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  • From 2001 to 2005, the average homeowner saw the value of his or her house jump by more than 50 percent.
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    September 11, 2014
    Understanding Your DTI Ratio

    One thing that lenders check when you apply for a mortgage, besides your credit score, is your DTI, or, Debt To Income ratio. It’s a number that signifies how much of your income will be spent on your mortgage. If you’re earning $2,000 a month, you simply can’t afford to have a monthly mortgage payment of $1,800. It’s helpful in determining how much house you can afford. Check out this post by JD Roth at Get Rich Slowly for some more info:

    This ratio is computed by comparing your expenses to your gross (pre-tax) income. The lower the number, the better. If you make $3,000 a month before taxes, and you pay $300 toward debt, your debt-to-income ratio is 10%.

    When a prospective borrower submits her paperwork, the computer evaluates it, applying statistical models to be sure the proposed debt load falls within accepted ranges.

    Photo Credit: Simon Cunningham 


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    September 10, 2014
    Wordless Wednesday: I Have A Thing For Staircases

    Photo from Indulgy


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    September 9, 2014
    Mortgage Application Dealbreakers

    So, you think you’re ready to buy a house. You’ve determined how much of a monthly payment you can make, have held a steady job for a few years, and have saved up for a down payment. Your credit score is great, so you think there’s no way you’ll be denied. However, it always pays to play it as safe as possible. Read this article by Paul Sisolak at Go Banking Rates for blunders that will cause you major headaches, and how to avoid them:

    -Failing to get pre-approval

    -Changing your credit behavior

    -Blanking out the “blank” pages: When those empty pages of your mortgage application say “These pages left intentionally blank,” they’re blank for a reason. That doesn’t mean you can skip over them when scanning, faxing or mailing them to a lender, bank or credit union.

    -Forgetting to read the fine print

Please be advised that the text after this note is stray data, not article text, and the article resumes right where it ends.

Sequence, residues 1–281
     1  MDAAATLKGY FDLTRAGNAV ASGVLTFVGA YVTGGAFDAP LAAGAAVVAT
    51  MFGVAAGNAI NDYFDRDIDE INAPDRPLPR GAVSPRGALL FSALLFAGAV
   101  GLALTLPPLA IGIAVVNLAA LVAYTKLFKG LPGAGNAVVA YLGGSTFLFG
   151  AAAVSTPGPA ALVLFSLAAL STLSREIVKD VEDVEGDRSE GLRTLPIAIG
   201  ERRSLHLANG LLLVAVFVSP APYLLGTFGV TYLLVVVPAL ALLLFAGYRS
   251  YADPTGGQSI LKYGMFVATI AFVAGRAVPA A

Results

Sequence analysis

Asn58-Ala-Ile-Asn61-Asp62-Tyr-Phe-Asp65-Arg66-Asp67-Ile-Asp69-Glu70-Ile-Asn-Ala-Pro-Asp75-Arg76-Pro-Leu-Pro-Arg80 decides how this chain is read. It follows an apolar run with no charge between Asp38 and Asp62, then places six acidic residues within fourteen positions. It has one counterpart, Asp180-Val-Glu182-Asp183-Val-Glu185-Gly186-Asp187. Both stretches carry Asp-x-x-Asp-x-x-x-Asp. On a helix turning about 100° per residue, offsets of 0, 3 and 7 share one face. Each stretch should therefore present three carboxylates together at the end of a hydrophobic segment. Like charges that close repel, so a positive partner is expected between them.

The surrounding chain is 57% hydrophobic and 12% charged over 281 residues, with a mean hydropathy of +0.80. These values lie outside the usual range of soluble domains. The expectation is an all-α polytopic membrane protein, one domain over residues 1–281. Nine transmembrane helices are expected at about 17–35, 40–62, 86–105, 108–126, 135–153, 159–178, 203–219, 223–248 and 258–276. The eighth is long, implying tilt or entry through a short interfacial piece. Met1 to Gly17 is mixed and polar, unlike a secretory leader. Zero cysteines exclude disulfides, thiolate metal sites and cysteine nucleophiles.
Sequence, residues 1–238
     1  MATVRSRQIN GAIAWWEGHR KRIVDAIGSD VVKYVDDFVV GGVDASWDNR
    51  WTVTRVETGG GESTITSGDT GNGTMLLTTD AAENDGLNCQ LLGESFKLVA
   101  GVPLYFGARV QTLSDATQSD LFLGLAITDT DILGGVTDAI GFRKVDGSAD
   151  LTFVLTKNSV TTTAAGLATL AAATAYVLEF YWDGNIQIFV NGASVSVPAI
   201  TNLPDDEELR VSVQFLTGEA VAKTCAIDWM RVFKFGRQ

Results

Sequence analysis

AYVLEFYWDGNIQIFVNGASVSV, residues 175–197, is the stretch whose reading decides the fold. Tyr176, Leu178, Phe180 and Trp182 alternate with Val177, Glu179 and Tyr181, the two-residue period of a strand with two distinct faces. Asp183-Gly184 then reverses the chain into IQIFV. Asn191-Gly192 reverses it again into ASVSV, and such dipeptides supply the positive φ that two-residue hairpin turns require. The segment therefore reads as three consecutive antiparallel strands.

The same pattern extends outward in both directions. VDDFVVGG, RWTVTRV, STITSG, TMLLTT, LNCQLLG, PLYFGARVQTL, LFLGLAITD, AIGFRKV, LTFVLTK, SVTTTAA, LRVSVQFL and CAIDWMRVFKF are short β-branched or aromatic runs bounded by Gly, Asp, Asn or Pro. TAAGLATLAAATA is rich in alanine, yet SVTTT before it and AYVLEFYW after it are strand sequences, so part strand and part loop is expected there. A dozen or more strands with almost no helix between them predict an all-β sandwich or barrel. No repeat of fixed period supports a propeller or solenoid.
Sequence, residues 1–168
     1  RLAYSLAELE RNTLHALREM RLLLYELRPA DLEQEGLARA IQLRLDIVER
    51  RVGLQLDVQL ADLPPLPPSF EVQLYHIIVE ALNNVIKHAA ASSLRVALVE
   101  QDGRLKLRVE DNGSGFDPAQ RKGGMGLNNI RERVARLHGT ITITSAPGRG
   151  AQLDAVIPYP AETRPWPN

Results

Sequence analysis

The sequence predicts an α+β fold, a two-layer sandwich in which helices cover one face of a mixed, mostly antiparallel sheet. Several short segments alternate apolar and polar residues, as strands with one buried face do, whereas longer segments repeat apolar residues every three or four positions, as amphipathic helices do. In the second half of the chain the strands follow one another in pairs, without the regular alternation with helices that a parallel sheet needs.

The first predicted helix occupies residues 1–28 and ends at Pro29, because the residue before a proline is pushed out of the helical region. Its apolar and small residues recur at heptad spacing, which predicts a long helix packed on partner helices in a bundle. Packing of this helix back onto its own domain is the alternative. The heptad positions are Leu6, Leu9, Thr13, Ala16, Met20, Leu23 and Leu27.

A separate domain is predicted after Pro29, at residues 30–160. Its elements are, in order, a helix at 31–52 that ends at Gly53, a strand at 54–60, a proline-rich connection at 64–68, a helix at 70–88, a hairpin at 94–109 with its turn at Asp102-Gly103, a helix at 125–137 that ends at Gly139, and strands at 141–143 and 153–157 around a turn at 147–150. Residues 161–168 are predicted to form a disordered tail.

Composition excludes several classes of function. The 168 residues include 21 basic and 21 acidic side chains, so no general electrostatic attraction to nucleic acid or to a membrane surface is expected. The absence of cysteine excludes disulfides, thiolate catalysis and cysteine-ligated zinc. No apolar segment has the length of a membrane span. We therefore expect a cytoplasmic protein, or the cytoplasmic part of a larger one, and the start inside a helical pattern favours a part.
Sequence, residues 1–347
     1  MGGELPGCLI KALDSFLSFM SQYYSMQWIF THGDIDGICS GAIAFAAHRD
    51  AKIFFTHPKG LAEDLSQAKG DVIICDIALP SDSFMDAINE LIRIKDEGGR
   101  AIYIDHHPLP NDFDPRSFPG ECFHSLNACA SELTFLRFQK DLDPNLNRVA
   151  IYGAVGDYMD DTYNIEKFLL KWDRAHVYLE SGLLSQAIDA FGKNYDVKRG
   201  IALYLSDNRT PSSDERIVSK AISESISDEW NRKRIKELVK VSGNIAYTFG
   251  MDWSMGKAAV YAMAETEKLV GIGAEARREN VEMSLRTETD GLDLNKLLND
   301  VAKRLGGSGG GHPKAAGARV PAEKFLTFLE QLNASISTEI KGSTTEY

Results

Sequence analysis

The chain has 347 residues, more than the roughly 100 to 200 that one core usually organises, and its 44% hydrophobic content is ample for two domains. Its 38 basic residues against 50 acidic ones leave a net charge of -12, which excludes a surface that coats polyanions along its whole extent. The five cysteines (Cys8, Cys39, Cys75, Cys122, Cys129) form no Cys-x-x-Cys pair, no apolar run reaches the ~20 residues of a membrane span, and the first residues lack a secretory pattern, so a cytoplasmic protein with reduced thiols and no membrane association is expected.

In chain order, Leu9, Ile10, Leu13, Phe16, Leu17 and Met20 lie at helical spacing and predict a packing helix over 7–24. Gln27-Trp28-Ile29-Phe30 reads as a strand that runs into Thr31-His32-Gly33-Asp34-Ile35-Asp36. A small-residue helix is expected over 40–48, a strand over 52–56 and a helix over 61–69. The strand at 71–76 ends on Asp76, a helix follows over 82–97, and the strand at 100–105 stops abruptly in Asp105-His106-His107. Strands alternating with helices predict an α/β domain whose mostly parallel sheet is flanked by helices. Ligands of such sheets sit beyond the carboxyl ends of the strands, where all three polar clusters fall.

-Lying- Don’t put yourself at risk of committing mortgage fraud. 

    Photo Credit: Michael 


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    September 8, 2014
    “Fall” Into More Cash

    Summer has plenty of great opportunities to make extra money: lawn care businesses, selling old items at garage sales, in home child care….the list goes on and on. If you work at home, or have lots of free time, it pays to be creative with ways to bring in more income. But, it’s September now! Lawns don’t need mowing as often, it’s getting too chilly for yard sales, and kids are back in school. So, what can you do to make some extra cash now? Read this post by Carrie Smith at Go Girl Finance for some fun ideas:

    -Sell crafts on Etsy

    -Flip yard sale finds, sell on Ebay or Craigslist

    -Set up an after school programs for kids.

    -Start a virtual part time business

    Photo Credit: Micky** 


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    September 4, 2014
    Budgeting With Inconsistent Paychecks

    Throughout highs school and most of college, I had part time jobs. I would get anywhere from ten to thirty hours week-it completely depended on how busy we were going to be. I would try to budget, but it was almost impossible. I couldn’t always afford to save a percentage: sometimes, my entire paycheck would just go to buying gas and food. If you have a part time job with random hours, or if you work in a creative field with inconsistent paychecks, budgeting and saving for the future can be a problem. But, it is possible, as long as you’re strict with yourself. Read this post by Christina at First Home Life for a detailed guide on how she makes it work! I won’t post any of it here, because it’s a complicated (read: mathy) process, but it’s worth the read.